By Erick Kline
I’m going to start off: Beyonce doesn’t do it for me. She’s a lovely, talented young woman who’s done some catchy songs, but that’s where my interest ends. However, what she evoked in her visually stunning 2017 Grammy Awards performance made me appreciate her a little more. She literally called down the spirits and opened eyes to our rich cultural mythology, a celebration of African spirituality.
We are not only descended from kings and queens, but also gods and goddesses: specifically, the greatest of all goddesses: the Mother.
The great Mother is omnipresent throughout world mythology. Oftentimes, she emerges fully realized into existence as if stepping onto a fashion catwalk. She is the personification of nature, motherhood, fertility, creation, destruction; the embodiment of the Earth’s bounty; the life giver and the nurturer.
The Mother dates as far back as ancient Egypt when she was known as Mut: her very name translated as mother, a primal deity associated with the waters from which everything was born.
To the Yorùbá of southwestern Nigeria and Benin she is the Orisha (deity) Yemaya, Goddess of the Living Ocean, considered the mother of all. She is the source of all the waters and, as all life is thought to have begun in the sea, all life is held to have begun with her. She is motherly and strongly protective, and cares deeply for all Her children, comforting them and cleansing them of sorrow. She is said to be able to cure infertility in women, and cowrie shells represent Her wealth. She does not easily lose Her temper, but when angered She can be quite destructive and violent, as the sea in a storm.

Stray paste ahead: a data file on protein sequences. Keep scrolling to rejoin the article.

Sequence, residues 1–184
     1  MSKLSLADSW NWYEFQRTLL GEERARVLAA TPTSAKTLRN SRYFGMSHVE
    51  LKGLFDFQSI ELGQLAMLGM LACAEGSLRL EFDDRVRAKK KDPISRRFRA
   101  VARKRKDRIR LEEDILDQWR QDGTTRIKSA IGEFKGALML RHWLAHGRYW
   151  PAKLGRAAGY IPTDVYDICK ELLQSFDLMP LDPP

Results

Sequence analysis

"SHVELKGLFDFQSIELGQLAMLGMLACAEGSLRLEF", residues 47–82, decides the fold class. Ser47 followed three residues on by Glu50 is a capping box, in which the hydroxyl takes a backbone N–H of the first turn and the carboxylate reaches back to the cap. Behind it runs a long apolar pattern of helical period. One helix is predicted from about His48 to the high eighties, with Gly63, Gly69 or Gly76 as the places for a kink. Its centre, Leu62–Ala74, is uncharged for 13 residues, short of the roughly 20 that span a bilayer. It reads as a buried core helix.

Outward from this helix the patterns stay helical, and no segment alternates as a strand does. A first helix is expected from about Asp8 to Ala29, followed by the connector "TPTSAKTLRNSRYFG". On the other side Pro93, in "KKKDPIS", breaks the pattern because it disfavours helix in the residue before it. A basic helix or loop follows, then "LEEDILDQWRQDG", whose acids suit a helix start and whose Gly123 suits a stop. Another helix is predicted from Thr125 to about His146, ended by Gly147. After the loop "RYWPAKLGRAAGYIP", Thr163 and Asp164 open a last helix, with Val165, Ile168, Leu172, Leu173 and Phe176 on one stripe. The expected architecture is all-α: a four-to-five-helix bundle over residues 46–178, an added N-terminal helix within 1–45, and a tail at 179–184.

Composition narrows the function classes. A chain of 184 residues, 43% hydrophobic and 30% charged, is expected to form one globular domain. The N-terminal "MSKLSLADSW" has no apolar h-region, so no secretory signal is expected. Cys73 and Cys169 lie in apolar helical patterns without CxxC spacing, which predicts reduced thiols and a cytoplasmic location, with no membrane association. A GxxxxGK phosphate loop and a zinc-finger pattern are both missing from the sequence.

The Yorùbá also have the Orisha Oshun of the sweet or fresh waters, as opposed to the salt waters of Yemaya. She is widely loved, as She is known for healing the sick and bringing fertility and prosperity, and She especially watches over the poor and brings them what they need.
The Akan people of West Africa regard Asase Yaa as Mother Earth, the earth goddess of fertility and the upholder of truth. She is credited as the nurturer of the earth and provides sustenance for all.
There is also the triple moon goddess N’Game, Creatress and Queen, a goddess of divine authority and feminine empowerment, revered in West Africa, particularly by the Akan of Ghana. According to their myth, she animated human beings by shooting arrows into their hearts with her bow. She carries a crescent shaped bow and her arrows gives humans and animals their souls at birth.
All of this should remind us just how special the Mother is. She is our muse, our comforter, our healer, our protector. She is the moon who watches over us when we sleep and the dawn who greets us when we wake.
It is for this, and many more reasons, why we worship, honor and revere her on Mother’s Day. She is the goddess who brought us into being and nurtured us. Our Mothers deserve a resounding thank you for giving us the gift of life. Be sure to tell yours.